There’s always something to do in this grunge¬-meets-indie-meets¬-hipster-meets-eccentric city – no matter the day, the hour or the season. With 198 nationalities, 13,000 restaurants, countless hidden bars, museums, galleries and neighbourhoods, Berlin is an eclectic place.

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“It’s an edgy, young, quirky place,” says Henrik Tedefjard, one of the city’s foremost insiders on culture, food and entertainment. “And twenty-three years after the Berlin Wall fell, we’re just scratching the surface of what Berlin can be.”

Read on for our top picks of where to explore and where to stay this winter and catch Berlin’s infectious vibe in both the east and the west ends.

1. Go on a foodie tour
One of the best ways to explore Berlin’s gritty-meets-trendy vibe is through its food and nightlife. The beauty of Berlin is that you can have a little bit of everything when it comes to food. A gastro-rallye tour ( – three stops, appetizers, main and dessert at three different locations – lets you sample many styles in one night. Henrik Tedefjard is possibly one of the most fast-paced, fun-loving people you’ll ever meet, and he’s the perfect guide for touring you around on a gastro-rallye tour. Why? Because he knows every single nook and cranny of the edgy city. Madonna enlisted Henrik to help show her daughter Lourdes around the city, and he was once actress Tara Reid’s “date” for a night on the town. He knows how to explore. Get ready to follow him on an adventure.

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Starter: Katerschmaus (roughly translated to “cat feast”)
The pathway to this resto-bar might seem sketchy – a walk through a dimly-lit parking lot, over puddles, through curtained doors, and up multiple flights of concrete steps will get you there – but it’s well worth the uneasiness. As Henrik explains, “If it’s kind of scary, Berliners think, [the restaurant or bar] must be in here.”

In Berlin’s ever-changing restaurant/bar scene, it’s a nightclub/restaurant/rooftop bar/club/rock concert spot where on every level and behind every door/curtain is something completely different. When we finally find our way we end up on an upper-level space of old concrete, brick and industrial finishes. Top it off with mismatched chairs, tables, books, posters, art and an open kitchen, and it feels strangely like a living room and an ultra-hip bar all in one. The food isn’t shabby either – try a warm, hearty salad or soup to get started.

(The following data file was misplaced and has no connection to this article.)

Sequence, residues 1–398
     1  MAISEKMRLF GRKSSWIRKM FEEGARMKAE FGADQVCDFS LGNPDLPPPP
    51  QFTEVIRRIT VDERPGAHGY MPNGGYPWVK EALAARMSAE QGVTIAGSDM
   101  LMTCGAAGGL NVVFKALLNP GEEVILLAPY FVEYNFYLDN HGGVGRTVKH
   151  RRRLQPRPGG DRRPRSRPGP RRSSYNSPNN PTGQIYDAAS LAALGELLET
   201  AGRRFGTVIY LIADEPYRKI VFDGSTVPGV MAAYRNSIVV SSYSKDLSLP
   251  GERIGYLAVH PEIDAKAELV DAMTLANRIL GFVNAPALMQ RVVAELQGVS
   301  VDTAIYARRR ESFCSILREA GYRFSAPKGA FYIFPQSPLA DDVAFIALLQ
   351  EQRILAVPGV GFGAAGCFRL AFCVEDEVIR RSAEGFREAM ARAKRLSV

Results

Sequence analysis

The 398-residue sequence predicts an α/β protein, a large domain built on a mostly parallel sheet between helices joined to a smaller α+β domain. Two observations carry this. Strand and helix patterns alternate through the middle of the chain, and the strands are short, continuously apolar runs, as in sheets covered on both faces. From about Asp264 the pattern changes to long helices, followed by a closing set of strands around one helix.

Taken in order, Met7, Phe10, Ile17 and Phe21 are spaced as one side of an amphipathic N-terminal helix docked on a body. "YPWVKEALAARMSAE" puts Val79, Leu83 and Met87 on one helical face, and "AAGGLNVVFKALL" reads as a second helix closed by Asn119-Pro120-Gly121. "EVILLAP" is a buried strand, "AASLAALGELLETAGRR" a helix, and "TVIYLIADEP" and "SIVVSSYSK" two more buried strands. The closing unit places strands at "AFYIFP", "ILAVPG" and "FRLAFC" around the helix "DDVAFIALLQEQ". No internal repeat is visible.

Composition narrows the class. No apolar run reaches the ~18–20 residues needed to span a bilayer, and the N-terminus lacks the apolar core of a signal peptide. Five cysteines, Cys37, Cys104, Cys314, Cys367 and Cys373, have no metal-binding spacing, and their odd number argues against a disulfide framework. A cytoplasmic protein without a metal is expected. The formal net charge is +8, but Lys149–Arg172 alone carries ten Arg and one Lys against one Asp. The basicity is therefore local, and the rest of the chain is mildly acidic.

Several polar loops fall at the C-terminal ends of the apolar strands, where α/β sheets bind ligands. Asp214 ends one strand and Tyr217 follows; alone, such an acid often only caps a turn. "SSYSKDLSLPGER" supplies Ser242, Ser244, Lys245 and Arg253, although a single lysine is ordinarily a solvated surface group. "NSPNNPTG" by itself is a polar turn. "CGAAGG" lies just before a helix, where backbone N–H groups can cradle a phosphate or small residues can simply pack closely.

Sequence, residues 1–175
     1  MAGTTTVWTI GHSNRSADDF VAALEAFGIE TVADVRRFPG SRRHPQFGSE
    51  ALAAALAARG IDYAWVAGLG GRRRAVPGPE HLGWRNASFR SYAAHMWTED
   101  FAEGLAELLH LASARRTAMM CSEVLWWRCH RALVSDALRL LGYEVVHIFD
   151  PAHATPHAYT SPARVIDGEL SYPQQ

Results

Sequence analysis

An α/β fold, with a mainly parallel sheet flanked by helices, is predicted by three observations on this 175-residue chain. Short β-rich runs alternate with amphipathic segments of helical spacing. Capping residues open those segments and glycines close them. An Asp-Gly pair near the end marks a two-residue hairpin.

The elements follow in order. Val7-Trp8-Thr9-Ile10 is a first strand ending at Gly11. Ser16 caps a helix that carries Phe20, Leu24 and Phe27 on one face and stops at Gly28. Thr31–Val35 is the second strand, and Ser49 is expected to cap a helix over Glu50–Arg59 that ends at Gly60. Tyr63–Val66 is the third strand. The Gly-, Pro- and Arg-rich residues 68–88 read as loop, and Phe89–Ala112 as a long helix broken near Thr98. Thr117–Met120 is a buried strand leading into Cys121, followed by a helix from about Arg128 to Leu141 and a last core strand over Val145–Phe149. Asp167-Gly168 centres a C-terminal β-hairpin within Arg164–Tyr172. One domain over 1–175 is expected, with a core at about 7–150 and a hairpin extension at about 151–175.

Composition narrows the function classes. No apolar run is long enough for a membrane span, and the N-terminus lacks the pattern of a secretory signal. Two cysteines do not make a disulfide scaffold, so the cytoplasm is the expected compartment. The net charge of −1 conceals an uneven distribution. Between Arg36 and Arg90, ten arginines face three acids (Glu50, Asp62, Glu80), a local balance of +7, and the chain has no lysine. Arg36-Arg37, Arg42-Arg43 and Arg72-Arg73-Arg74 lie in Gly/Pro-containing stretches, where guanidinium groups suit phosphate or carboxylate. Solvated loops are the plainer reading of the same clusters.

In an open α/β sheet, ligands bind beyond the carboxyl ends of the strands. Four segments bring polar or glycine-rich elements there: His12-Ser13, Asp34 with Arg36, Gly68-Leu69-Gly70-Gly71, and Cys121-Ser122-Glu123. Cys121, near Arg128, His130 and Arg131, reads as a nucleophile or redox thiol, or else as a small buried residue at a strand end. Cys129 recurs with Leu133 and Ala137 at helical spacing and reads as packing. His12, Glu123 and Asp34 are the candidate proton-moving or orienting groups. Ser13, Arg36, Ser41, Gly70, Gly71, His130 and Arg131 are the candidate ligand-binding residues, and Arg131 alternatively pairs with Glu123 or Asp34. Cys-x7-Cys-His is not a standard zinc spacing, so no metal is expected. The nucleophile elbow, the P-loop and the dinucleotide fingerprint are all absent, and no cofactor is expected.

Main: Tucholsky Resto
While Berlin prides itself on not being typical German (you won’t find Bavarian-style drinking and singing here), they still have a soft spot for traditional German dishes. And Tucholsky Resto’s location in the trendy Mitte neighbourhood is where locals get their traditional comfort food fix. The walls are lined with old black-and-white photographs, and the décor – consisting mostly of wood – is anything but modern, but the food is delicious and over-the-top rich (think duck breast and gravy, fried potato balls and warm bread served with duck fat instead of butter).

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Dessert: Pauly Saal (roughly translated to “big hall”)
Set in an old Jewish girls school, this half-bar/half-restaurant is an ideal spot to end a night with dessert and a strong coffee. Built in the 1920s, it has a nostalgic feeling, with the main restaurant residing in the school’s former gymnasium. Sadly, the building was also the last point of deportation for many Jewish people during WWII, and the feeling is an odd mix of vibrancy from the patrons and a looming past. But as Henrik suggests, if you adopt the Berliner attitude of acknowledging the city’s history while enjoying the present, you’ll be able to tuck into your creamy latte and crème brulee with more ease.